Mr. McMillan allegedly was in Charlotte when Mr. Caraballo was murdered (police have determined the crime scene there). Most recently he has been living in Grand Rapids. His facebook page indicates that he came there from San Augustine, Texas. He is quite a piece of work as his page reveals.

There is a notice on his arrest complaint that his DNA is on file from a previous case. I am sure all that will be forthcoming.

So, this Friday is Good Friday.

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April 5, 2019 — The presser and such

Here is the Fox 17 account of the presser.

It is probably the best one. Channel 8 had audio troubles and then some. There are as well lot and lots of stories out there.

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April 4, 2019 — “Jack in the Box” apparently solved

It has taken roughly 17 years since the crime. And now reporters are learning that the “Jack in the Box” case is likely solved. In the first place, there was always the lack of knowledge of Jack’s identity. He is Roberto Higüey Alejandro Caraballo, a native of the Dominican Republic. He was 37 at the time of his murder.

Here are some initial reports:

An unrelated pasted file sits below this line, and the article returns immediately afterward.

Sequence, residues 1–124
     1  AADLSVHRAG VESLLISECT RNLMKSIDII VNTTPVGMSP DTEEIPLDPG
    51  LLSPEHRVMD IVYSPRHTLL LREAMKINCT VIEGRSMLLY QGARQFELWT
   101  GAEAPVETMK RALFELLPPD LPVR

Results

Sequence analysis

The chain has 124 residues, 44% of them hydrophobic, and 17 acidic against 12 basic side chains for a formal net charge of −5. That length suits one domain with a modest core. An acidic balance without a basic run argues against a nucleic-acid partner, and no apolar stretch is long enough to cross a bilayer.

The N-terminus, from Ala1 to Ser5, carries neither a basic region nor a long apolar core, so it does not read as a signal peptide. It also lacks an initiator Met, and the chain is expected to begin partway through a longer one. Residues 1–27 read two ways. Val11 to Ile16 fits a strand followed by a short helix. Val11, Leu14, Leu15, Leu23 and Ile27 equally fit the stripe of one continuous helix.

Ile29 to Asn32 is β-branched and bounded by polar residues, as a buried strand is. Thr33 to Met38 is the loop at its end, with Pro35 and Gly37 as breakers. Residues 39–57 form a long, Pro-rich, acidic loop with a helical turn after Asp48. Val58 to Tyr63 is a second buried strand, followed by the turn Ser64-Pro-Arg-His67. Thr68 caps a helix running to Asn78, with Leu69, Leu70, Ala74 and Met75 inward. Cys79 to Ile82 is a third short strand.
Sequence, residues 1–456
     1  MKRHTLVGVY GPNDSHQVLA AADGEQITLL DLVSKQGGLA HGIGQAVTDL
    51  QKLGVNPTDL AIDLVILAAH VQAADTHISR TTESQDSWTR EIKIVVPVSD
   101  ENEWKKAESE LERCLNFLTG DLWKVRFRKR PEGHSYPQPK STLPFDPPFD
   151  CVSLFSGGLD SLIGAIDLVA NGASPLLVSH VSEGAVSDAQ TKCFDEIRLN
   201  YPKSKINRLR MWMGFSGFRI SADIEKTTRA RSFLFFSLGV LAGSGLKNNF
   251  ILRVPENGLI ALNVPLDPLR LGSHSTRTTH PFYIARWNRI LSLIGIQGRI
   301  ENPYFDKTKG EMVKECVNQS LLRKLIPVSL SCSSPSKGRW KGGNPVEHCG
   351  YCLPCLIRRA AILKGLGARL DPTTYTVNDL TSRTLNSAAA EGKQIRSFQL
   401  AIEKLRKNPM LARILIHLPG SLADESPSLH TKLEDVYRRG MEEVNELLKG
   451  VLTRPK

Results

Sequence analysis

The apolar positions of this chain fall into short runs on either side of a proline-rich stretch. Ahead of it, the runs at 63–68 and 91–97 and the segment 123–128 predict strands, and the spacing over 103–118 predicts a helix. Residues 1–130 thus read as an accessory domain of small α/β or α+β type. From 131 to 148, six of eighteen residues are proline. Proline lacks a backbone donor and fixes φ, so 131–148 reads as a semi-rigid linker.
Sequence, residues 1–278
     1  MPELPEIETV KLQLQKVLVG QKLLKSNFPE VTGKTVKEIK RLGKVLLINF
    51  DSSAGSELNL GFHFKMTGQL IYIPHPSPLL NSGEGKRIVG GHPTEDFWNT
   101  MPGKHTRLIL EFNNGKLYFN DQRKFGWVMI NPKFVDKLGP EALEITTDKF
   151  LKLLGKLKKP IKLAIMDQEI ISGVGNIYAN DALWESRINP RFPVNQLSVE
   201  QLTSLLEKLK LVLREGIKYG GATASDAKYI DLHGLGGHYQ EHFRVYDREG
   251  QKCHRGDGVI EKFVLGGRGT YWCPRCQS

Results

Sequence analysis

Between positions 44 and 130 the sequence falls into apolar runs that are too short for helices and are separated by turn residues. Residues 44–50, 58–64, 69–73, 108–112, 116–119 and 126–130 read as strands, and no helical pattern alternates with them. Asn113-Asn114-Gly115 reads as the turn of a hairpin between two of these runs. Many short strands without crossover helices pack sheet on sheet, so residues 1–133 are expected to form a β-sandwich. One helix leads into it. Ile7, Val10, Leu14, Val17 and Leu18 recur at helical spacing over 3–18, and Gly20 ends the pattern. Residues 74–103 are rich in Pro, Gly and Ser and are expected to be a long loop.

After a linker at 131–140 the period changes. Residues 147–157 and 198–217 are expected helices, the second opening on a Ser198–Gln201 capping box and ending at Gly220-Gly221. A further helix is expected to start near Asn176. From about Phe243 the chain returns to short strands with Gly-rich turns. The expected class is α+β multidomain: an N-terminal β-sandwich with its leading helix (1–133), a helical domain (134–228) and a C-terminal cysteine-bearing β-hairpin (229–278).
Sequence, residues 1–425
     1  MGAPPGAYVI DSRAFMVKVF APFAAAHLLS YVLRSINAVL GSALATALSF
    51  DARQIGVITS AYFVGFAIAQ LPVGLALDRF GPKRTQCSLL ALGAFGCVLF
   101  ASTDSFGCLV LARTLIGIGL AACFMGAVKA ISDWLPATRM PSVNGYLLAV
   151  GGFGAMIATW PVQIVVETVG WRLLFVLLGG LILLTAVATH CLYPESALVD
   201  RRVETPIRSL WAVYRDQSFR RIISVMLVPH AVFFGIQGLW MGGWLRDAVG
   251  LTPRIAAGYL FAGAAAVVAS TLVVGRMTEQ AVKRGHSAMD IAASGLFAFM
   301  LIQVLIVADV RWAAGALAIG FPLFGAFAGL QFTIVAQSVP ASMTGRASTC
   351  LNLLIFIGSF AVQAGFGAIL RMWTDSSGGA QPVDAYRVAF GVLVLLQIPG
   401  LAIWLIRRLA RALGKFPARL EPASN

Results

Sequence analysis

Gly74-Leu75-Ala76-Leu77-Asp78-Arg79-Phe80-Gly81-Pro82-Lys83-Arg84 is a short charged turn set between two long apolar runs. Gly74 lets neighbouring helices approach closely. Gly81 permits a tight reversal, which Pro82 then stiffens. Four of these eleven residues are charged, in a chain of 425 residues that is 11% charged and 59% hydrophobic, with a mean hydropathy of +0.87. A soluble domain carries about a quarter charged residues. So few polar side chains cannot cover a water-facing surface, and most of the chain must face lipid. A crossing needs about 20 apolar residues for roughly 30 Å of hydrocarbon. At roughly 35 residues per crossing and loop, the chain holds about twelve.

The Lansing State Journal.

WLNS

And there is a press conference scheduled for today in Eaton County. There is a lot of information that will come out, much of it slowly. But the question some of you have had was this: did the film have anything to do with the solution of the crime? It’s my understanding it did. But the real and ongoing work is the result of two detectives in particular. But that is likely their story to share.

My idea was that I needed to keep Jack’s story out in public, just in case. This relates to my concept of these murder films—and I’ve now made six feature-length films of this kind; of that number, five have been solved. While I am very happy to entertain an audience, I am really reaching out for the ONE person who can tell the police what they need to prosecute the case.

We know that in the early stages of a murder investigation time is the enemy. But once a case grows cold, time can be an ally; people grow consciences, get religion, have kids, think about what they’ve done, are freed from fear of retaliation. Anything can happen, and time is your friend.

But 17 years???

It takes as long as it takes.

And we need to remember Roberto for who he was. In addition to victim, he was a beloved family member. Remember THAT man through all the flash of the news.